WHEN Rosa Juarez lost her factory job in 1986, she felt herself slipping into the sticky quagmire of poverty. Her greatest concern was that her two children would sink with her.
``We had to be embarrassed to get food stamps,'' Ms. Juarez recalls. ``I'd come home crying because they'd treat you so bad. I'd tell my kids, `get an education so you never, never have to go through this.' ''
Today, Juarez is a college graduate and fourth-grade bilingual education teacher in her hometown of El Paso, Texas. Both her children have excelled in school. The older, Jessica, beat the odds for poor, Hispanic girls by graduating from high school last spring as an honor student and cheerleader, voted the best all-around female student in her class by the school's faculty. She entered the University of Texas at El Paso (UTEP) this fall.
What changed the lives of the Juarez family is the Mother-Daughter Program, a collaborative effort begun in 1986 by volunteers from UTEP, several El Paso school districts, and the YWCA to direct poor, Hispanic girls toward higher education and professional careers.
The program targets sixth-graders from low socioeconomic backgrounds who have no college graduates in their families to serve as role models. The girls' mothers are an integral part of the program, because of the strong influence that Hispanic mothers have on their children's decisionmaking. Volunteer effort at first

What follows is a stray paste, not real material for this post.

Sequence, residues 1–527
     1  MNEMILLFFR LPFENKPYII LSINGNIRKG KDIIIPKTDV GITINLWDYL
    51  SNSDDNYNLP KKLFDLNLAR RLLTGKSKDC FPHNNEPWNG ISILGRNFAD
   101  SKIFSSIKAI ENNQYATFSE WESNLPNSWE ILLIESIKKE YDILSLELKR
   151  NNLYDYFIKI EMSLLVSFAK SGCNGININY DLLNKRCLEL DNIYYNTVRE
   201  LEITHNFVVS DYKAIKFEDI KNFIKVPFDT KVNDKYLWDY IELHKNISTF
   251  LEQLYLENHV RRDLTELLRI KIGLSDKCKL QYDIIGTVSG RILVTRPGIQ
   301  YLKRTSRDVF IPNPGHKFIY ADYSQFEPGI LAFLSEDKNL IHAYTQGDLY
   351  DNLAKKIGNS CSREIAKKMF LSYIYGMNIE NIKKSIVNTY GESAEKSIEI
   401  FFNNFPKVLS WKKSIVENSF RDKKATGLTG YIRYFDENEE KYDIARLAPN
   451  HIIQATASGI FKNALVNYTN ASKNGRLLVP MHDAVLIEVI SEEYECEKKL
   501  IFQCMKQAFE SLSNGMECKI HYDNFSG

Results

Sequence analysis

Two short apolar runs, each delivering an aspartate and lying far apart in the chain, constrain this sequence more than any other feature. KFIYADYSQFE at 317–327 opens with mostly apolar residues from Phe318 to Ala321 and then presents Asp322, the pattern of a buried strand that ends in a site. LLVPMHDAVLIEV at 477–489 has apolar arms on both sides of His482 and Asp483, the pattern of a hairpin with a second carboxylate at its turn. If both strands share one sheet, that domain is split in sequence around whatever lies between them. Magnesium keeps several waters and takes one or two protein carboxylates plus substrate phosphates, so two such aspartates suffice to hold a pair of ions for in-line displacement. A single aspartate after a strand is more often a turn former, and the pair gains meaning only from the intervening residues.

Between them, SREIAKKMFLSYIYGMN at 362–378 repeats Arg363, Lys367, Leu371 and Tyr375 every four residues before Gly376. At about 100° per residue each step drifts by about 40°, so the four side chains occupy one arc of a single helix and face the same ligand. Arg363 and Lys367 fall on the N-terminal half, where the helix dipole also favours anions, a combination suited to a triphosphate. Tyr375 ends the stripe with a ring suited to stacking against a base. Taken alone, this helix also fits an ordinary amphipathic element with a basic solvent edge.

Volunteers started the Mother-Daughter Program and kept it going for two years, until they received their first grants from the Gannett Foundation (now Freedom Forum) and the Meadows Foundation. Southwestern Bell, AT&T, and local funding sources have since pitched in to keep the program alive.
Josefina Tinajero, director of the Mother-Daughter Program and one of its founders, is a professor of education at UTEP. She recently received a W.K. Kellogg Foundation grant to evaluate the program's success and to develop materials that other communities can use in creating similar programs. But the program continues to rely on the efforts of volunteers.
Motivating these efforts is a deep concern about Hispanic girls in this country. Dr. Tinajero describes Hispanic females as the most at-risk of all students in the United States. In Texas, 43 percent of Hispanic girls drop out before finishing high school; that number climbs to more than 60 percent in some communities.